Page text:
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Subject: "ENB's new Swan Lake" Archived thread - Read only
 
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Conferences What's Happening Topic #998
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alison

16-10-00, 01:35 PM (GMT)
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"ENB's new Swan Lake"
 
   Well, if you thought that Derek Deane's revised production of his in-the-round production of Swan Lake was just going to be a "tidy-up and put it behind a proscenium arch" job I think you'd be mistaken. It looks like a far more substantial revision than that. He takes a leaf out of Bourmeister's book by showing Odette's initial transformation into a swan during the overture, and the first act at least includes some sections familiar from the old Makarova production, including the pas de quatre (Ashton, if I remember rightly). Also reinstated is Odile's mime scene where she tells Siegfried how she came to be a swan. The Neapolitan Dance, again, is the Ashton (I am right about that, aren't I - the one where they start exchanging kisses partway through?) and as far as I'm concerned a good reason to see any production of Swan Lake, especially when it's reproduced with the choreographer's permission. I'm not sure who the lakeside scenes are attributed to (and I didn't see anything in the programme to indicate), but they looked distinctly familiar, although I've seen so many productions of Swan Lake over the last decade that I wouldn't like to hazard a guess as to which one.

Finally, since there is now a lake available, as there wasn't in the arena production, the non-Soviet tragic ending is restored, which I am sure will please some critics.

One thought that does strike me, though, is that when you advertise casting to all the national broadsheets and then change it completely, the company's website at the least would appear to be a useful place to announce it once papers have gone to print - unless, of course, it was a totally last-minute cast change, in which case it's not possible. However, since the casting hasn't remained as advertised even as far as the first day of the production, it would seem to be a good idea for anyone who has booked for a particular cast to double-check first to make sure that there have been no knock-on changes.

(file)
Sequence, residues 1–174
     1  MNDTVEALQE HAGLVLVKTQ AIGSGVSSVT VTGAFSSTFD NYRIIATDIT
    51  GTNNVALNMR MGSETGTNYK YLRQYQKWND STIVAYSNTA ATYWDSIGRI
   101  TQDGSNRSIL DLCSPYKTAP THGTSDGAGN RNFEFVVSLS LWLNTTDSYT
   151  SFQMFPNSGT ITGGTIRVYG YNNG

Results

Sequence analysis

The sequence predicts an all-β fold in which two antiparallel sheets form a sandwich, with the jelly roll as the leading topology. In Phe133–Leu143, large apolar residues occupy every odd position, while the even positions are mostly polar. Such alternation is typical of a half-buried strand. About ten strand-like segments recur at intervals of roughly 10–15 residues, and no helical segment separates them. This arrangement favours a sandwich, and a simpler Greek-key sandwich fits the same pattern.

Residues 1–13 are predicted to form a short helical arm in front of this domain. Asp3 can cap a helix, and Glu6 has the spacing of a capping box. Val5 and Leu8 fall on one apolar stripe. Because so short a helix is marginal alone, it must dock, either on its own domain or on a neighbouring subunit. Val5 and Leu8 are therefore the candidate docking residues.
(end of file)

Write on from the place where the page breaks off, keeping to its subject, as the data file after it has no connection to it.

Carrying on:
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  Subject     Author     Message Date     ID  
  RE: ENB's new Swan Lake Tomoko.A 16-10-00 1
     RE: ENB's new Swan Lake Terry 16-10-00 3
         RE: ENB's new Swan Lake Tomoko.A 18-10-00 7
             RE: ENB's new Swan Lake Terry 18-10-00 8
  RE: ENB's new Swan Lake Richard J 16-10-00 2
     RE: ENB's new Swan Lake Jane S 17-10-00 4
     RE: ENB's new Swan Lake alison 17-10-00 5
         RE: ENB's new Swan Lake Eugene Merrett 17-10-00 6
             RE: ENB's new Swan Lake alison 18-10-00 9

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Tomoko.A

16-10-00, 10:05 PM (GMT)
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1. "RE: ENB's new Swan Lake"
In response to message #0
 
   Thanks Alison for the useful info. I'm going to see the Swan Lake tomorrow in Southampton. Hope to see young Erina Takahashi.


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Terry

16-10-00, 11:48 PM (GMT)
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3. "RE: ENB's new Swan Lake"
In response to message #1
 
   Tomoko -- I would love to hear some reviews about the young Erina Takahashi. Please let me know how she does! Thanks.


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Tomoko.A

18-10-00, 00:27 AM (GMT)
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7. "RE: ENB's new Swan Lake"
In response to message #3
 
   Terry, I'm sorry to say that Erina didn't dance tonight. I was really disappointed at this cast change. I could have exchanged my ticket, but I was not sure when she will be dancing. I found out the change when I got the theatre and nobody could give me this week's cast plan. So I decided to watch the performance tonight although Oliveira/Clarke was the last cast I would like to see. I liked the new revised production, much much better than the previous one at the RAH. But the quality of dancing was over all poor. I wondered Deane has run out of the dancers of principal quality. Erina seems to be the only hope after Rojo has left. Or am I pessimistic ?


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Terry

18-10-00, 02:17 AM (GMT)